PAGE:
With all the sturm und drang of moving, etc, my piano practice pretty much stopped. I had Beethoven's Tempest Sonata ready to record back in May, but then my piano got packed up. It's now in storage, waiting until we move out of our rental. I didn't get to practice at all for about two months in there, and the Real Doctor realized I was going crazy--so she prescribed a temporary piano. The Rx here is a 1970's Kawai K-15, which is actually a rather good piano for its size and price.
My right hand has become somewhat fragile in the last few years, so rather jump right in with the Prokofieff and Medtner that I was working on before the hiatus, I've started up with a set of left-hand etudes by Saint-Saens and some nice-but-less-stressful stuff by...well, I'll keep you in suspense. There's a lot of left-hand-alone stuff that I think is better music than these etudes. However, these are among the best that I've played as technical studies, and the music is definitely not bad. It's interesting to see a guy as traditionally rooted as Saint-Saens edging towards atonality in some of the pieces.
Friday, September 9, 2011
Be glad it's only a few cm tall--it's a carnivore. If gnat brains had room for dreams, then this would fill them with nightmares. The leaves are covered with glands secreting an attractive adhesive. The trapped insects die, yielding their nutrients to the hungry plant. An interesting way to cope with nutritional stress.
Thursday, September 8, 2011
The other reason I gravitated towards education rather than research is that I want an educated society. There's so much in this modern world where even a smidge of education--let alone acknowledgement of reality--is useful, that I feel an obligation to work towards that end.
I can take this latter motivation personally. When I see something that militates against understanding--say, a presidential debate for a party that boasts the support of approximately half of the nation, in which the default position is either a flat-out rejection of science or at best mealy-mouthed equivocation*--I take it as a personal affront. When a big chunk of society does it, I can feel a bit rejected. So I'm in a bit of funk today, and wondering just how much worse it will get.
There's this odd recreation called fantasy football. As I understand it, you get to put together an imaginary team of real players and let it compete against other imaginary teams. I think we need to have all of these political aspirants who don't want to engage with reality and let them play fantasy politics. They can all be the fantasy president of their fantasy countries, and make all the fantasy decisions they like--and leave reality to those who care deal with it. Feh.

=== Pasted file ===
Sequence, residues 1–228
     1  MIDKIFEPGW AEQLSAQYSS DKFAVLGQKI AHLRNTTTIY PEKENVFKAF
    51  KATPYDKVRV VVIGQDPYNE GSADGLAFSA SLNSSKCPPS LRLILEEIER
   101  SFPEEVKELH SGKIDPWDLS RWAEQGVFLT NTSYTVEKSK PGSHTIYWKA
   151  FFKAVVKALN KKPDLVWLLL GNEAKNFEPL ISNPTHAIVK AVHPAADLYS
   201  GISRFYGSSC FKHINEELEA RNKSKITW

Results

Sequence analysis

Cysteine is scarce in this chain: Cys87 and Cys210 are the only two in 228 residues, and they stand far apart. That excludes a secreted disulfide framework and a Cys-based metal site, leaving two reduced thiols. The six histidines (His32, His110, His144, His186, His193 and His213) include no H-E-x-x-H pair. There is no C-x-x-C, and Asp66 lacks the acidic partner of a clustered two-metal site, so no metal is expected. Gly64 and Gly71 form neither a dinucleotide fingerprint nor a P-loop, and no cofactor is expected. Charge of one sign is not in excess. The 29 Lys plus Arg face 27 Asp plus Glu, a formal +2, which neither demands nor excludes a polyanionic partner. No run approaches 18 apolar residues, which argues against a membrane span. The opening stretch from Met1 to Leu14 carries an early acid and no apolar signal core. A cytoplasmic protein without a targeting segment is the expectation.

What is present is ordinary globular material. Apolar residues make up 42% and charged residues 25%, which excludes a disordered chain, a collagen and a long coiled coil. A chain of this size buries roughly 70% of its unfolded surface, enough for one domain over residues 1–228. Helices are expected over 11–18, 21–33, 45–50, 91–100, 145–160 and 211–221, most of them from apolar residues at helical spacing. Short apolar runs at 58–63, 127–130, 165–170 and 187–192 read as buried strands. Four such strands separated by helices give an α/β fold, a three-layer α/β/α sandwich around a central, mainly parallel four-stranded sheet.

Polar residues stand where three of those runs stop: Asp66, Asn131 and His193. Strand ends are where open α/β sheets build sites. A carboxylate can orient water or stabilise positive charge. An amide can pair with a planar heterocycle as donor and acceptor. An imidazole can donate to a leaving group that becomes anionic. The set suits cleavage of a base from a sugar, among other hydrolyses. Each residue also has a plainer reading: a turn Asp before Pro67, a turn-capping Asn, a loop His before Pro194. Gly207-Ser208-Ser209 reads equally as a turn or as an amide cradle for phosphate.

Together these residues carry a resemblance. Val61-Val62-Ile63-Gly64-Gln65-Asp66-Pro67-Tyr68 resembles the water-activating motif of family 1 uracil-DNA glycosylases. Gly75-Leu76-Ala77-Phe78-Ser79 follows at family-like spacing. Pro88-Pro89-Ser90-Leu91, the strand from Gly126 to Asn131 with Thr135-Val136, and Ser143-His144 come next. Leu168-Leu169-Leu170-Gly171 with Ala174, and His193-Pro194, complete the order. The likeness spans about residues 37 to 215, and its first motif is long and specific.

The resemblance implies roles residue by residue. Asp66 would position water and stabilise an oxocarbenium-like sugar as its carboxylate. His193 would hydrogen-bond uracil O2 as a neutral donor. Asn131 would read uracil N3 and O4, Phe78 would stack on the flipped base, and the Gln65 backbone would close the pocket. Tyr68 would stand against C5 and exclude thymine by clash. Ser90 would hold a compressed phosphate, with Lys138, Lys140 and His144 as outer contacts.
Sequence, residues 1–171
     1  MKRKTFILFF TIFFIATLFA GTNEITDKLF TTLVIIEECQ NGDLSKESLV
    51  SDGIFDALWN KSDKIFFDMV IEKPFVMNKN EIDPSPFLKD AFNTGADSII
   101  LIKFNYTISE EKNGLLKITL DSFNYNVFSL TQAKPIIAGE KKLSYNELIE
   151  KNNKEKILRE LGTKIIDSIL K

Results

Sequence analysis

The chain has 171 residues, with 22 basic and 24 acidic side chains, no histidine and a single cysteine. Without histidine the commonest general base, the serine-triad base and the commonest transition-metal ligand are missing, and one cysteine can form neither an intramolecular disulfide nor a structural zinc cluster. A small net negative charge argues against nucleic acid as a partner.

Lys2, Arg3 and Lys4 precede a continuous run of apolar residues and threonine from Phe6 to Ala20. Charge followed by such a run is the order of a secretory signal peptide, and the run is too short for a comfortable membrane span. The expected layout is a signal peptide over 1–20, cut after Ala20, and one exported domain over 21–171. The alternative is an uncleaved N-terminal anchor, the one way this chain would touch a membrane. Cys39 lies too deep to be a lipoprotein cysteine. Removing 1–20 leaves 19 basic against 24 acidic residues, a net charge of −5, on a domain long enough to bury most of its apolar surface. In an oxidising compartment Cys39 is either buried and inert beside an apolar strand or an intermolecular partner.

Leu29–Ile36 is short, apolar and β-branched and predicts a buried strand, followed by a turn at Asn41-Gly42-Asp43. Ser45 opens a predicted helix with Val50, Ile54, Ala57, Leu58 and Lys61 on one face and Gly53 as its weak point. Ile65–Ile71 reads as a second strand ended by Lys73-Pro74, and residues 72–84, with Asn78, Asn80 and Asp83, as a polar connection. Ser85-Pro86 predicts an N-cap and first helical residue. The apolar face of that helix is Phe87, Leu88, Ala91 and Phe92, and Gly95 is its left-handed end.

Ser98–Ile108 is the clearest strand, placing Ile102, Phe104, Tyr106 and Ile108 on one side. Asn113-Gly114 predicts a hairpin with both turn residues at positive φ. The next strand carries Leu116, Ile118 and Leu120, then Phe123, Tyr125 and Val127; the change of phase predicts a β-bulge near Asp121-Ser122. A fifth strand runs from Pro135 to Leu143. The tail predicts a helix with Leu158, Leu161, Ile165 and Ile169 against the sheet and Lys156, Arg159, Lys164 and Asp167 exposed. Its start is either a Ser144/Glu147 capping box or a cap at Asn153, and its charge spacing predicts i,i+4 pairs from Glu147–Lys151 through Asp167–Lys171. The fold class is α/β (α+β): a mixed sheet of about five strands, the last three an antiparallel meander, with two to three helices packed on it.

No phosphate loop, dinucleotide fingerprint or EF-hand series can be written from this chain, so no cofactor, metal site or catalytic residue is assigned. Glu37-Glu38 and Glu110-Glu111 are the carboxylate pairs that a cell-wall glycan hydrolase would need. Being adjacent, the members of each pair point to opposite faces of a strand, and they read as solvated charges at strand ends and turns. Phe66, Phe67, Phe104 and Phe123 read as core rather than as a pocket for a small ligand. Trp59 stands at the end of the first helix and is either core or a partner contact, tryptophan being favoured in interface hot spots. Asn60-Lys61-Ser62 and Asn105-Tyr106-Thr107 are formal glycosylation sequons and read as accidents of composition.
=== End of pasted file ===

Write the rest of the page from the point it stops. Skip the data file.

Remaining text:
*Yes, I know there's one exception, but few people give him any chance at success.
Tuesday, September 6, 2011
Trying to take a decent picture of Crater Lake is like trying to take a decent picture of Beethoven's ninth symphony. The color of blue is unique, and there's plenty of visual beauty around. But (for me) the lasting impact of Crater Lake is not an image, but how it makes me feel, thinking about the forces and events that created this sight.
We also went the other direction to check out the Oregon Coast. Cape Blanco is the westernmost* point in the continental U.S., and home to a classic lighthouse.
(Click on the picture to get the full effect.) The place has as much drama as Crater Lake--it's either rainy and windy, impenetrably foggy and windy, or sunny and very windy. The lighthouse is one of the few that the USCG will allow civilians to enter. The real attraction on the tour is the Fresnel lens, a work of functional art built in the '30's in Paris. It's huge, over 2 m tall, and mesmerizingly beautiful.
And what do you know, it works--here's the view from Agate Beach in Port Orford, ten miles away. Click on the picture and you can see the wink of the light:
I have to say, there's plenty of Sturm und Drang in the landscape here.
It was good to act like a tourist, since I don't really feel like a native in this landscape yet. I am still learning the plot.
Every landscape has a story. I've always told my students that the life we see today is just one still from a motion picture
Landscapes are the same way. In most of the places I've lived, the plot has been easy to follow. The Sierras are like Wagnerian Opera, with ice giants and godly forces. Wisconsin and Sacramento are like a minimalist opera, with little movement but the steady back and forth of erosion and flood deposition. The Bay Area is like a disaster flick, mostly boring but with predictable, violent events. But Roseburg? The plot here leaves me confused and disoriented.
It's like three completely different movies showing on the same screen at the same time. On the west edge of town, we have coast range geology, with sedimentary mudstones and pillow basalts folded into a complex mess. On the east side, we have the flood basalts and ash deposits of the Cascades. And butting into the south of town is the mysterious, ancient mess of the Klamath mountains. They used to be attached to the Sierras, but 100 million years ago decided to up and move themselves 80 miles away. If you get to a high enough vantage point to see a big area, no single plot emerges. There are valleys and ridges running every which way, and all sorts of different rocks. It's a mess, and I'm still disoriented. So, I should get out and be the tourist more--drive around with my Roadside Geology of Oregon, maybe take a float down the Umpqua river. It can be hard to follow the opera without the libretto.
*There's a place in Washington that makes the same claim; however, except at very low tides, it is an island and not part of the mainland.